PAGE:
Rules to Better TypeScript

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  1. Do you avoid using “any”?

    TypeScript’s any keyword is a blessing and a curse.  It is a type that can be anything, where every possible property and method exists and also returns any. It can be casted to and from anything and is how you tell the compiler to get out of your way.

    However, it’s easy to use it as a crutch, and as a result, miss out on handy intellisense, refactoring support and compile-time safety – the main benefits of TypeScript!

    Aim to use any in the same way that you use the dynamic keyword in C# - that is, sparingly, and with careful consideration.

    any-bad.png
    Figure: Bad example – I can pass anything into this method, so I get bad output at run time (“undefined undefined”)
    any-good.png
    Figure: Good example – using types means I get errors and intellisense support
  2. Do you describe types sparsely?

    This comes down to personal preference, but there are only a few times when you must define a type in TypeScript, for example:

    1. When initializing a variable with an ambiguous value (eg. null)
    2. Function parameters​

    Of course, there are also times when you may want to be more explicit – you may want to have an interface as a function return value instead of the class, for example.​

    The rest of the time, rely on TypeScript to infer the type for you.

    describe.png
    Figure: Except for the input parameter, TypeScript can infer all the types for this function​
  3. Do you follow good Object-Oriented design patterns?

    ​TypeScript gives us a reasonably full-featured object-oriented system, and we should use it as such. Following the SOLID and DRY​ principles are encouraged.​​​​​​​​

    Write code that you’d be proud to see in C#, because there are no longer any excuses.

  4. Do you have good TypeScript configuration?

    TypeScript is a powerful language that transpiles to JavaScript, and provides much desired type-safety and IDE refactoring support.  But without good configuration, a lot of the benefits can be lost.

    Use tsconfig.json

    Putting a “tsconfig.json” file in your project tells the typescript compiler where the root of your project is, and provides a centralized place to configure the compiler.  This config is read by IDEs and the compiler and can be utilised by the build scripts to ensure configuration is consistent.

    goodtypescriptconfig1.png
    Figure: A tsconfig.json file with great configuration

    Disable implicit “any”

    The primary benefit of TypeScript is type-safety, and attempting to escape from the type-safety should be a conscientious decision by the developer.  So ensure that noImplicitAny is true, and keep your code type-aware and able to be refactored.

    Exclude external files

    By default, the compiler will compile everything ending in .ts.  This means things inside node_modules and even typings will be parsed and included.  Ensure you exclude these files to reduce your compile time and, more importantly, reduce your reported errors. 

    Don’t rely on TypeScript for bundling

    TypeScript should compile in-place, and a single file input should produce a single file output.  This reduces compile time, and puts bundling in the hands of a system that knows more about the modules – the module loader.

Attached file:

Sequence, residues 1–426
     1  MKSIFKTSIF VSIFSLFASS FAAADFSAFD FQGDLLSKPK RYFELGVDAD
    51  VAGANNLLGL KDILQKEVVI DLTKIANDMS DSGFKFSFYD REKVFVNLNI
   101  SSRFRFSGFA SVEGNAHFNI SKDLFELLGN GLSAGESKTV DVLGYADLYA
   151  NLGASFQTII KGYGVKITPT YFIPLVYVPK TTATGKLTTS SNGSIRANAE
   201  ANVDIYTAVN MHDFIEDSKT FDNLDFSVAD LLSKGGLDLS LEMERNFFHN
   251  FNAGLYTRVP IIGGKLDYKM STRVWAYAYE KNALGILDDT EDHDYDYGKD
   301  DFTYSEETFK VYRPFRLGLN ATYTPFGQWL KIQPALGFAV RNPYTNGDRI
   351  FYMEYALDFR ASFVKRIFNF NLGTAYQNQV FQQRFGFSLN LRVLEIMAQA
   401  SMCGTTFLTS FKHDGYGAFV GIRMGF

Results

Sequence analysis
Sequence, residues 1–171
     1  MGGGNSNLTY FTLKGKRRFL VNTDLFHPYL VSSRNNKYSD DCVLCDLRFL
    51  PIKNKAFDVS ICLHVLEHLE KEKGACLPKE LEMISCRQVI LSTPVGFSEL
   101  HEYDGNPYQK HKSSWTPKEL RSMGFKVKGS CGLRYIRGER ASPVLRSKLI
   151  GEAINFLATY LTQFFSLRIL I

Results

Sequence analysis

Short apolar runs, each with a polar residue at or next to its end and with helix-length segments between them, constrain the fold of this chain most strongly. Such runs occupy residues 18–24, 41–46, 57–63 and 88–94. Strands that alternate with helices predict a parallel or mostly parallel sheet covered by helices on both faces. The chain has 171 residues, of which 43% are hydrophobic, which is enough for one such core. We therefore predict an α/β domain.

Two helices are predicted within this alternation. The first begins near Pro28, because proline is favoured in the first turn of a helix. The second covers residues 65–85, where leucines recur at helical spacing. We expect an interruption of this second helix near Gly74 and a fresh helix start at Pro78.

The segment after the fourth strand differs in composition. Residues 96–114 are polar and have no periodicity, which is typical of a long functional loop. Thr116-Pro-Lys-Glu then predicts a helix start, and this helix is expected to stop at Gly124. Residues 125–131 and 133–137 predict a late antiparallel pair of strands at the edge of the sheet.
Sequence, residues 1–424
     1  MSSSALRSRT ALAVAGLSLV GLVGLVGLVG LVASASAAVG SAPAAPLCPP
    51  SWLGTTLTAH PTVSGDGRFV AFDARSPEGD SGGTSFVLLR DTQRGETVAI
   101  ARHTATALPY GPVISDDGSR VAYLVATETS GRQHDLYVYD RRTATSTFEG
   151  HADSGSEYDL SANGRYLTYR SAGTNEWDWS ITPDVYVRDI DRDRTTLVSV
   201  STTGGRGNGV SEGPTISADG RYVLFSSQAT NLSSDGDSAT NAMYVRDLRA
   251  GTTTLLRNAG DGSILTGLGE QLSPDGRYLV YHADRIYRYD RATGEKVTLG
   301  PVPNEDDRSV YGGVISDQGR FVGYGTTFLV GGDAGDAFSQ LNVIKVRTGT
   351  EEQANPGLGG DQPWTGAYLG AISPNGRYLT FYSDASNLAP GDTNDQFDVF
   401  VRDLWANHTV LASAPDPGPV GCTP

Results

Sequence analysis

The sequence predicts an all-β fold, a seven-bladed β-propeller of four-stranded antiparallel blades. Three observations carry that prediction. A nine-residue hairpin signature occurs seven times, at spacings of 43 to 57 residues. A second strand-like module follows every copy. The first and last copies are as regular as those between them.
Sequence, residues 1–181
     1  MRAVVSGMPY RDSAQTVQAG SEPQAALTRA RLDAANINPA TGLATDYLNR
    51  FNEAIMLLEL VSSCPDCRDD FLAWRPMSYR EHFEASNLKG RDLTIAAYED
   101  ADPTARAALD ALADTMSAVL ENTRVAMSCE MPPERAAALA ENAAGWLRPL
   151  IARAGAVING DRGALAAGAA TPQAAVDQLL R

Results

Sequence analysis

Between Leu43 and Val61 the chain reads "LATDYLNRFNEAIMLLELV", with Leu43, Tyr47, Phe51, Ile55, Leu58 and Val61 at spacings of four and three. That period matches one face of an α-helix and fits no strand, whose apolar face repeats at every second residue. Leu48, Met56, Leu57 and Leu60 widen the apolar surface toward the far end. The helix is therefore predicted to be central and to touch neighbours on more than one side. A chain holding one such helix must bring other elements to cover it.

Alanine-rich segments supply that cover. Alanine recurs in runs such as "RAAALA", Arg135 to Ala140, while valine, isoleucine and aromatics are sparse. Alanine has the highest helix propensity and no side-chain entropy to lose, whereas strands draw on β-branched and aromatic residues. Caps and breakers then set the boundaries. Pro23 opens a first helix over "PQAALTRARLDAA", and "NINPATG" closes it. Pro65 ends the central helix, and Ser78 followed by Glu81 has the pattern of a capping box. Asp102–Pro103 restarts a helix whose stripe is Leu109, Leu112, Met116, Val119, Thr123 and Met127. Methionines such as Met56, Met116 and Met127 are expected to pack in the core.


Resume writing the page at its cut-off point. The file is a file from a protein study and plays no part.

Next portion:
Hide generated files from your IDE

    Files generated from typescript get in the way – you don’t want to scroll through .d.ts, .js and .js.map files all the time.  So hide them in the IDE.
    In VSCode this can be done via the “files.exclude” key in the settings.json file.  For a shared experience across the team, check this file into source control.

    goodtypescriptconfig2.png
    Figure: VSCode settings.json file that hides generated files
  5. Do you only export what is necessary?

    Each file in TypeScript is a module, and each module can export whatever members it wants.  However, if you export everything, you run the risk of having to increment major versions (when using semantic versioning), or having your module used in unintended ways.

    ​​Only export the types necessary to reduce your API surface.  Often, this means exporting interfaces over implementations.

  6. Do you use package managers appropriately?

    Advice like this can be a minefield, and is constantly in flux, but there are some rules-of-thumb that can make life simpler.

    package1.jpg
    Figure: Default ASP.NET Core project is package management done wrong
    package2.jpg
    Figure: Project using good package management

    Bower is dead

    package3.jpg
    Figure: Bower is dead

    File-New Project in Visual Studio comes with bower packages, and there are a lot of old blog posts that  recommend bower for client side libraries, but bower is dead. Angular2 is discouraging its use, and npm has all the same packages, and more. Prefer npm over bower, even for client-side​ dependencies.

    Use a single package manager

    For client side libraries, avoid mixing npm, jspm and manually copy/pasted files. Life will be simpler if you stick with just 1. 

    Right now, this is npm, but watch out for jspm, which shows a lot of promise if you can get past the steep learning curve.

    Be careful with versioning

    Theoretically, everything in npm is using semantic versioning.  In practice, people aren’t that diligent, so it pays to be careful with your version numbers. It’s not rare for versions to disappear from npm, or for a build-servers internet connection to be flaky.  If these issues are happening, consider using npm-shrinkwrap  to lockdown dependency versions.

    Track your dev dependencies and dependencies separately​

    All package managers distinguish between those used for development, and those used for the application.  Use this feature – it will save you time.